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The prolonged wait for a vaccine that can save humanity from the dreadful COVID-19 is finally over. Since the rapid spread of the infectious disease across the globe that was causing the death of millions of people, scientists were racing day and night to find an effective vaccine.

According to the World Health Organization, at least 7 vaccines are already rolled out in different countries as of 18 February 2021. At present, the highest priority is to vaccinate the vulnerable population.

Meanwhile, also over 200 more candidates are developing COVID-19 vaccines. Of these, over 60 are now in the clinical development phase. With millions of people already receiving a dose of the COVID-19 vaccine, let us understand the science behind these vaccines.

Triggers an Immune Response

Whenever a pathogen makes an entry into the body, the defense mechanism of the body gets triggered. This defense mechanism is also called the immune system. As a result, antibodies attack that pathogen and either destroy or overcome the same. Antibodies produced to save the body from one pathogen generally do not protect another pathogen.

However, antibodies offer protection when both the pathogens are somewhat identical, like cousins. Here, it is vital to understand that pathogens are disease-causing organisms and antibodies are produced or formed within the body by the subpart of a pathogen called an antigen.

Once the body effectively produces antibodies as its response to an antigen, our body also produces memory cells. These cells remain alive long after antibodies have defeated the pathogen.

So, when the exposure to the pathogen is more than once, the response of antibodies becomes much faster and effective as memory cells play their role, and antibodies are produced in large numbers to deal with the pathogen.

Here, it is vital to know that although vaccines successfully trigger the immune response, our body may need multiple doses at a gap of some days, weeks, or even months. This is essential for the development of memory cells and the production of antibodies for a reasonably long period so that the body can be trained to fight the pathogens.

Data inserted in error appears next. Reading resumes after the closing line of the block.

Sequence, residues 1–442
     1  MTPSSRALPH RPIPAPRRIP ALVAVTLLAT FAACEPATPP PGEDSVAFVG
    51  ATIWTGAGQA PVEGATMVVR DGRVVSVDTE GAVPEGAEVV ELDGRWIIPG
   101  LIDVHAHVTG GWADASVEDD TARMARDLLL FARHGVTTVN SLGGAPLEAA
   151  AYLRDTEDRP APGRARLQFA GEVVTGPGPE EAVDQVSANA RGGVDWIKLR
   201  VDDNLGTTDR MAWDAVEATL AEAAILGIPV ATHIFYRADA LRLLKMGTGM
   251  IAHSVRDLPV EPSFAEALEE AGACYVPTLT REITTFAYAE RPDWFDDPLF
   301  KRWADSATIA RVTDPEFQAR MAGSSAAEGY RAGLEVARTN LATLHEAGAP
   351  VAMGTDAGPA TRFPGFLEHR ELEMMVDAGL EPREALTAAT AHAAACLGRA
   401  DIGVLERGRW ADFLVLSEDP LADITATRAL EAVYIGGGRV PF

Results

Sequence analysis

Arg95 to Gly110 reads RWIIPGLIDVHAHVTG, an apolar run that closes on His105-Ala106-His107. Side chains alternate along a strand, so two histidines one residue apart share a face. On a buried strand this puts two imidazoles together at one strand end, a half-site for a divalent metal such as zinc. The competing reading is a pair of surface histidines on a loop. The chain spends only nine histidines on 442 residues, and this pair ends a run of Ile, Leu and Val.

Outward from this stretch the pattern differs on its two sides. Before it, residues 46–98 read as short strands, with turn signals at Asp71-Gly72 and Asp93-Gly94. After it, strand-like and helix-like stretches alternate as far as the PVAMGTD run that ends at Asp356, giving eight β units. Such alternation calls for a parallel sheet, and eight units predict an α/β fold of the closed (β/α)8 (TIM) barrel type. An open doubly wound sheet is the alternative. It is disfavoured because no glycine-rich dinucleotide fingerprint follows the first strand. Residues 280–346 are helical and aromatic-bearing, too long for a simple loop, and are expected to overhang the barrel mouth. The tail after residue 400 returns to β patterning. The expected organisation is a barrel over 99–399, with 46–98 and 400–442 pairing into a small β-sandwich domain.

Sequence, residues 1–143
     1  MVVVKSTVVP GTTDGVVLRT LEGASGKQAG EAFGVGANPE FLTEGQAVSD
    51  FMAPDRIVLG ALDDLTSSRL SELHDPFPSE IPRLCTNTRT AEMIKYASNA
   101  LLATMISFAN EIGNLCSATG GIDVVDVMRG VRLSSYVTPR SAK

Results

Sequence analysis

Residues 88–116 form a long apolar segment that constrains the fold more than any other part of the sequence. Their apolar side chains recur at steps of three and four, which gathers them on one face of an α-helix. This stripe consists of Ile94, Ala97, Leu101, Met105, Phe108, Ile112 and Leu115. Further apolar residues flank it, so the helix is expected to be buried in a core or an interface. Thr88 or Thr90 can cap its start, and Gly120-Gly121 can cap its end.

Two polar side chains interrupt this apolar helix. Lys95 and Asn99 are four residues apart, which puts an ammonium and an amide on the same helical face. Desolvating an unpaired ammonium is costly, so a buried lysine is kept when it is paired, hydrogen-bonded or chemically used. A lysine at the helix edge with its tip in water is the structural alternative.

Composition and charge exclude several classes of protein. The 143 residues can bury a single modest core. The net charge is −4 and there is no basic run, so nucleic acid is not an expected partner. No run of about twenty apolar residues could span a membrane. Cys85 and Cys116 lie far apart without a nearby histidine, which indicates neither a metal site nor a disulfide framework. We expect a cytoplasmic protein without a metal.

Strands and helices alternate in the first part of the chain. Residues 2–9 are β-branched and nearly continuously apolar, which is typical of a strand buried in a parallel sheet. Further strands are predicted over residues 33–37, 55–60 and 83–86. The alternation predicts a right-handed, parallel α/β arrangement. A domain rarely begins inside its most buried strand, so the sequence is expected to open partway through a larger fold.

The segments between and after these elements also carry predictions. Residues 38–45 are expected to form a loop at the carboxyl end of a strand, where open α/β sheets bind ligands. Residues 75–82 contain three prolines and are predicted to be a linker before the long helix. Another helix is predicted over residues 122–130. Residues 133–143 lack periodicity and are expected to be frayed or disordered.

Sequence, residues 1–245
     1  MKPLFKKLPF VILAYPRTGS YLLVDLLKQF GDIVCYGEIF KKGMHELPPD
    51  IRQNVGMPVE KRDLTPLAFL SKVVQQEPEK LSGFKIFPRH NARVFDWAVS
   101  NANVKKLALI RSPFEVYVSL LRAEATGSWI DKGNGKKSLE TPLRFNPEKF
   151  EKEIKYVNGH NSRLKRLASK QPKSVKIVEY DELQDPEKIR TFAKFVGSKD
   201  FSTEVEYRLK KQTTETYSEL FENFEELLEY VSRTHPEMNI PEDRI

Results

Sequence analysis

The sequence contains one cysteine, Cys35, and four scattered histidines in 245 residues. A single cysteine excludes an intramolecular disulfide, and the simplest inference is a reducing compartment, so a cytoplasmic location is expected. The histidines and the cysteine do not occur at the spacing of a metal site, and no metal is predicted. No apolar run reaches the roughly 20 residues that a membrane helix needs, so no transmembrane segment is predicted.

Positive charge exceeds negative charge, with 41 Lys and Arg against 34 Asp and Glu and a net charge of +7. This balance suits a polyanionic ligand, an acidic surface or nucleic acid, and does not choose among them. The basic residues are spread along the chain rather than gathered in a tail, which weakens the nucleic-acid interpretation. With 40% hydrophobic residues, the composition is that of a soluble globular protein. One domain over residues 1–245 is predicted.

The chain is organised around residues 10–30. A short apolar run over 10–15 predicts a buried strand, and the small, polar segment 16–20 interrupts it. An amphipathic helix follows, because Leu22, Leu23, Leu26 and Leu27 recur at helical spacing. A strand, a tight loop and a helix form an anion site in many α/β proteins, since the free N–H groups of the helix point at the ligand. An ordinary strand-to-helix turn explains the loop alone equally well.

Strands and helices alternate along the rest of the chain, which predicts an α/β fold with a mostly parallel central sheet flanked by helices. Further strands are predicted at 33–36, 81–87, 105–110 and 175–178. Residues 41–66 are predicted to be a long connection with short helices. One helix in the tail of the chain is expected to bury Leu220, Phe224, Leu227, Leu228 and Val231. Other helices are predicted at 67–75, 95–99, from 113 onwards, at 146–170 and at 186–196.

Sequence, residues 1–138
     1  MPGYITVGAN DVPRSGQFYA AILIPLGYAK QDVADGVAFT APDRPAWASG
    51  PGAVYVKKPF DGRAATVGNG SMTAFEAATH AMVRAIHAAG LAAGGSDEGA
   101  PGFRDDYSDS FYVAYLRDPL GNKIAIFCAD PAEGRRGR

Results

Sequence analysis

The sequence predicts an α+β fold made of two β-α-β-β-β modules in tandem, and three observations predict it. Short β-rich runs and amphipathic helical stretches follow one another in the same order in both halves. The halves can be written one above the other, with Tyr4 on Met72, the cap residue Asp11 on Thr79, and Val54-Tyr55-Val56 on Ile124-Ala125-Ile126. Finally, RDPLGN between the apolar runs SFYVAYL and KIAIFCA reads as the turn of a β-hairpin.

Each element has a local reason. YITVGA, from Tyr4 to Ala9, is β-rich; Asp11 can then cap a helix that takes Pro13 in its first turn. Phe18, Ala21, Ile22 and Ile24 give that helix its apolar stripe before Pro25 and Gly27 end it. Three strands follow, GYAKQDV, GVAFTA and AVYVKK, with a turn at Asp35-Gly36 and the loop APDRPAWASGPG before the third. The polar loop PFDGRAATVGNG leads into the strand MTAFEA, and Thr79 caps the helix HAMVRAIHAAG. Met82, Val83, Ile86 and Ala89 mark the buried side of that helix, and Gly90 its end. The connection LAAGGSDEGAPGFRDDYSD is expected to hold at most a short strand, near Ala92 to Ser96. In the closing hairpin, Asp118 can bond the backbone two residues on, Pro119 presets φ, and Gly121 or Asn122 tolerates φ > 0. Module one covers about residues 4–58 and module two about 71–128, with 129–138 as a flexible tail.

What do COVID-19 vaccines contain?

Since there are different covid-19 vaccines, their approach of fighting the infectious disease also differs significantly. Some vaccines like Covaxin developed in India contain the genetic material of Coronavirus (SARS-CoV-2 virus spike protein).

Here, the Covaxin can be safely termed as an inactivated vaccine. Here, the genetic material of coronavirus present within the vaccine is incapable of replicating itself or infecting the person to whom it has been administered it has been inactivated by using heat, radiation, or chemicals.

It has already proved useful as it helps the body’s immune system recognize the virus so that an immune response can be produced whenever there is a coronavirus exposure. Other vaccines, such as Sputnik V indigenously developed by Russia, contain a live but weakened version of the SARS-CoV-2 virus and the common cold virus.

Here, the common cold virus acts as a carrier and delivers a tiny fragment of the live coronavirus into the body. As a result, the body recognizes the same as a threat and eventually learns to combat it without any risk of becoming ill. The Oxford-AstraZeneca vaccine now authorized to use in European Union countries also works in the same way.

In short, the science behind the COVID-19 vaccine is not that complex as it seems. However, it is vital to keep the pricing affordable so that these vaccines can reach the maximum number of people to fight COVID-19.

Safety Info

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